Benefits of a toned ground

Most of us are used to drawing and painting on white paper since our childhood. But that doesn’t mean white is a logical color to work on. I will discuss some great benefits of working on a colored or toned ground.

Light to dark and dark to light

When you work on a white canvas, the only way you can go is darker. On a colored (toned) ground, you can paint with dark colors as well as light colors. This way you can build your painting more easily.

When using a colored ground, you can build your paintings faster and easier, because there’s already an extra color or value present. When you work on a grey ground for instance, you only have to add some lighter and some darker parts and all of a sudden you have a three dimensional picture.

Painting on a grey paper. Left: dark values. Right: added some light values. Although it isn’t finished yet, you can see how fast it gets three dimensional, because of the presence of the grey ground.

Judging values is easier

On a white ground it’s difficult to judge values and colors. Even a very light color can look dark on a white canvas. On a middle grey ground for instance, you’re nog getting that tricked that fast. It’s easier to judge the values of the colors.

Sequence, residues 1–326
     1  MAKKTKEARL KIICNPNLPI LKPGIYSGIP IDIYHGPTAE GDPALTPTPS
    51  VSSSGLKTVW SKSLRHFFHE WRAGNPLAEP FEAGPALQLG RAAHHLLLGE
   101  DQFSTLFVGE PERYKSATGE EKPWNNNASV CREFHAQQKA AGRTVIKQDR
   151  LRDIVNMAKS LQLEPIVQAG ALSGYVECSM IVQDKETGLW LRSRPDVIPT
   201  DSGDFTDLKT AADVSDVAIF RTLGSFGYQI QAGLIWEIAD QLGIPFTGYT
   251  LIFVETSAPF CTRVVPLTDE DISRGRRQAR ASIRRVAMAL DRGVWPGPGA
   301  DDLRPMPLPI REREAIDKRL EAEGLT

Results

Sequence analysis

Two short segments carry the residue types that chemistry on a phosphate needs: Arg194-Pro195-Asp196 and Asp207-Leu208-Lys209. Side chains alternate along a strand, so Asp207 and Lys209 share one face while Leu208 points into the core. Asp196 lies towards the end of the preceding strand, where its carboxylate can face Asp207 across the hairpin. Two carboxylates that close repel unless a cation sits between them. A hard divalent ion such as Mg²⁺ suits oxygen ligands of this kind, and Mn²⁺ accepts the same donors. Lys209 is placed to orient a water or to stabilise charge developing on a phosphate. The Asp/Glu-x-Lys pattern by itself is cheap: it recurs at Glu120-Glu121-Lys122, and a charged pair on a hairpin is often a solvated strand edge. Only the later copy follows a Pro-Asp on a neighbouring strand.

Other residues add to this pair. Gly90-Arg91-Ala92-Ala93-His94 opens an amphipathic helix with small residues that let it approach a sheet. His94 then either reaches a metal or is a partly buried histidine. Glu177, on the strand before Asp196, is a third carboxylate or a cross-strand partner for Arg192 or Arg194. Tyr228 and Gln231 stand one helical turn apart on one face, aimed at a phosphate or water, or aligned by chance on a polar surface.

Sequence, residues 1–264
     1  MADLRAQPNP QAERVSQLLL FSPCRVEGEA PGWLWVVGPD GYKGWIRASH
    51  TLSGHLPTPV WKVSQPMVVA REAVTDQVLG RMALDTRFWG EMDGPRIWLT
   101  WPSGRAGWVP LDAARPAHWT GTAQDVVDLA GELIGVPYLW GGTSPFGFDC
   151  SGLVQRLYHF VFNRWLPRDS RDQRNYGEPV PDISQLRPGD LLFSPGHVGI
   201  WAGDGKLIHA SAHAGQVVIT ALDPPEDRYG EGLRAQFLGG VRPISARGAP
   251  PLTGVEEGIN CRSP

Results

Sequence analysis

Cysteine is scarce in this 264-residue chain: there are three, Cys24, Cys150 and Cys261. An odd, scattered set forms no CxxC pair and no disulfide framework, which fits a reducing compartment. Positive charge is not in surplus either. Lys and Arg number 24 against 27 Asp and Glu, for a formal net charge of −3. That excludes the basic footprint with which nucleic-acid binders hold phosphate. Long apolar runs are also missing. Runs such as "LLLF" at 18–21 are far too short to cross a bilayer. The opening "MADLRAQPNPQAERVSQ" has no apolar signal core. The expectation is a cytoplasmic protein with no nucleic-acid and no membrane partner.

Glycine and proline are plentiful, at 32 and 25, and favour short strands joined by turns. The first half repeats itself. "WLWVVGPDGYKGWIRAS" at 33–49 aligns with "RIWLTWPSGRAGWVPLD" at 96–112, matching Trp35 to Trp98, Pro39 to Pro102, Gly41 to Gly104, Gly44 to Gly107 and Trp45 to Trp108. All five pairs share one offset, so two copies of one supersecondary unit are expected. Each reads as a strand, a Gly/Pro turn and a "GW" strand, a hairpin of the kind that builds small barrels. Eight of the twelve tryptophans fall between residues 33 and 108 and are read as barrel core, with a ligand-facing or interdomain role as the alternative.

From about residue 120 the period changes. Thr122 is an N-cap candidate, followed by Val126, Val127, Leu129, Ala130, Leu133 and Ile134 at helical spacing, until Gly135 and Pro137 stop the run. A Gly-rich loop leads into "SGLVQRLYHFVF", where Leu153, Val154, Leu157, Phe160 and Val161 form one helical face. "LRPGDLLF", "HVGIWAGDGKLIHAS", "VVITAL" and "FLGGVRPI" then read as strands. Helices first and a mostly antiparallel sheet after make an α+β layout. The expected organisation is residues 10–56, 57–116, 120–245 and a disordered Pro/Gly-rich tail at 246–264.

The same light grey rectangle looks much darker on a white background.
Judging colors and values is easier when you see them against a toned background.

But you can also choose a color that’s handy, if you’re painting a sky then you could make your ground blue for instance.

Also, there are artists who prefer to use a complementary or contrasting color as first layer. They use red or warm browns to tone their canvas when painting landscapes which contain a lot of greens for instance. This way you can get vibrant colors, because the colored ground will shine through at certain spots.

The warm red-brown ground color make the cooler (almost complementary colors) more vibrant
For this painting I used a blue color. That had two benefits: there’s some blue in the sky and car, so that helps. At the same time, there are a lot of warm red-orange type of colors in the scenery. Blue lies on the opposite side of the color wheel, providing a great contrast and more vibrant colors in the painting.

You’re totally free to use whatever color you like. The more neutral a color you choose, the easier it is to judge colors. So, whenever you’re not sure which color to use, you can always play safe and use grey.

And lastly: your painting will get a more professional look when you work on a colored ground. When you paint on a white canvas and you see the white of the canvas coming through at some spots, it gives the impression of an unfinished painting. A colored ground gives your painting a unified look.

A spots where I didn’t cover the canvas with paint, the toned ground shines through. This gives the painting a unified look.

How to color your ground?

Because you want to prime your ground anyway (even if it’s pre-primed), better kill two birds with one stone and add some acrylic paint to your gesso. In this blog you can read more about it.

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